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How to Ensure Clinician Adoption of Telehealth Services

June 25, 2018
Meredith Wagner

Healthcare providers and networks continue to make investments in telehealth solutions, and interest from patients is on the rise. Often, however, there’s a gap between patient demand and physicians’ interest in delivering telehealth, reducing the positive impacts and growth of your service. How can you ensure internal buy-in and adoption of your telehealth services? What can you do to ensure your doctors and staff want to help build your telehealth business?

 

Here are few tips for increasing internal acceptance and use as a way of driving the growth of your telehealth practice.

 

Why are you investing in telehealth?

There has been much media attention and discussion around the growth of telehealth services and their benefits. But, to make sure your physicians and staff are on board and ready to help drive adoption of your services, you must explain the benefits specifically as they apply to your network or practice. General benefits are a great start, but by speaking specifically about your practice, using real examples, the benefits will resonate much better with your staff. Also explain the benefits as they apply to patients and how telehealth will enable them to provide better and more efficient care more easily to more patients. Remember, it’s not just about the cost savings – your staff will react positively to understanding how their patients will receive better care, especially if it’s also easier to deliver.

 

Education and Training

In addition to making sure they understand why you’re building a telehealth practice, set up training programs for your staff. Telehealth relies on a new set of technologies and, too often, systems are installed and handed over to teams without proper training leading to low adoption rates. While many of the elements may be familiar, the end-to-end solution requires guidance. Properly implemented, telehealth systems will integrate with other existing systems, which will require process adjustments. Doctors and staff will need to understand the capabilities of your telehealth solution, how to use them, how your systems are integrated, and what processes are impacted. Whether it’s patient records, video consultations, store and forward information sharing, remote patient monitoring and data collection, follow-up scheduling, or any other parts of your practice, ensuring your staff understands how they are connected and how to use them effectively is critical to their acceptance and use.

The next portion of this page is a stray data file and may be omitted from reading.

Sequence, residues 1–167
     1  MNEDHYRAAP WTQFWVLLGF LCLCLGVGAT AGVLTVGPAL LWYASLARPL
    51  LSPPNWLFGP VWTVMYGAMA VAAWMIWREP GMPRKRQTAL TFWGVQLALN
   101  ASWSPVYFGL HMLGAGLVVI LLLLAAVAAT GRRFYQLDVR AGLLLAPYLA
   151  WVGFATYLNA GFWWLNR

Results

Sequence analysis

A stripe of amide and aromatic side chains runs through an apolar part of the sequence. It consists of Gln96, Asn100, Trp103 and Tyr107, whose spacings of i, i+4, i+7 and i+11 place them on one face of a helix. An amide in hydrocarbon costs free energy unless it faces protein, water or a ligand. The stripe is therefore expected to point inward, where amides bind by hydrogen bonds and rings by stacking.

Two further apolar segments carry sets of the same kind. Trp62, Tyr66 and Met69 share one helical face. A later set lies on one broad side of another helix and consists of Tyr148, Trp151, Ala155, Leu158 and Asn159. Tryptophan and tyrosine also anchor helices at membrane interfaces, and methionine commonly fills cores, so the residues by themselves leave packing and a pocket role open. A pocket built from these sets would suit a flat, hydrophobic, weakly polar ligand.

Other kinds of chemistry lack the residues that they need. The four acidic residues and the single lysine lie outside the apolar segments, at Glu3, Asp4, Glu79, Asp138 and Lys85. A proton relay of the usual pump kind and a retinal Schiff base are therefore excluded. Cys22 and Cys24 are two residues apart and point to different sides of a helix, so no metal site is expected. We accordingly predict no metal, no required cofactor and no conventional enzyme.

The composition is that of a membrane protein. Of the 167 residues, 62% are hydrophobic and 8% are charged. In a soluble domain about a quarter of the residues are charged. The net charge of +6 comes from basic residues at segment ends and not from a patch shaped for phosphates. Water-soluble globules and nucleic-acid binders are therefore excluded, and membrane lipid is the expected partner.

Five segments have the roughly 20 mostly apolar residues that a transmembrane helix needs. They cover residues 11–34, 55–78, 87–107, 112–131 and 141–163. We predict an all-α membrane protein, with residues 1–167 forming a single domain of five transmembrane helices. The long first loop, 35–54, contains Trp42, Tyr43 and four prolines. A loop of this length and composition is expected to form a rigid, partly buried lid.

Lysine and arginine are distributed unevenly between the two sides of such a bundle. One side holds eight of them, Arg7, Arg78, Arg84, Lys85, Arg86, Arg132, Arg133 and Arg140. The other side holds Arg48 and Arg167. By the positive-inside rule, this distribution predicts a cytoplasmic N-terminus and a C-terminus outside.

Ease of Use

Regardless of how much training they receive or how well you define the value proposition, your telehealth solution must be easy to use. If the technology is too complicated or there are too many steps involved in using it, your adoption rate will be low and your ROI will be limited. This is where choosing the right telehealth solution is crucial to your program’s success. Make sure it is designed to achieve your current objectives, is scalable and expandable to accommodate program growth, and ensure the system itself and integration with your other systems is simple for your users.